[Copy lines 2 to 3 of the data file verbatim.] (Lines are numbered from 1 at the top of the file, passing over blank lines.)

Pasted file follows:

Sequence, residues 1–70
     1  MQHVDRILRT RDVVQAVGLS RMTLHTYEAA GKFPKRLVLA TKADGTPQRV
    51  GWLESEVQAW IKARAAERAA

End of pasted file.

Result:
     1  MQHVDRILRT RDVVQAVGLS RMTLHTYEAA GKFPKRLVLA TKADGTPQRV
    51  GWLESEVQAW IKARAAERAA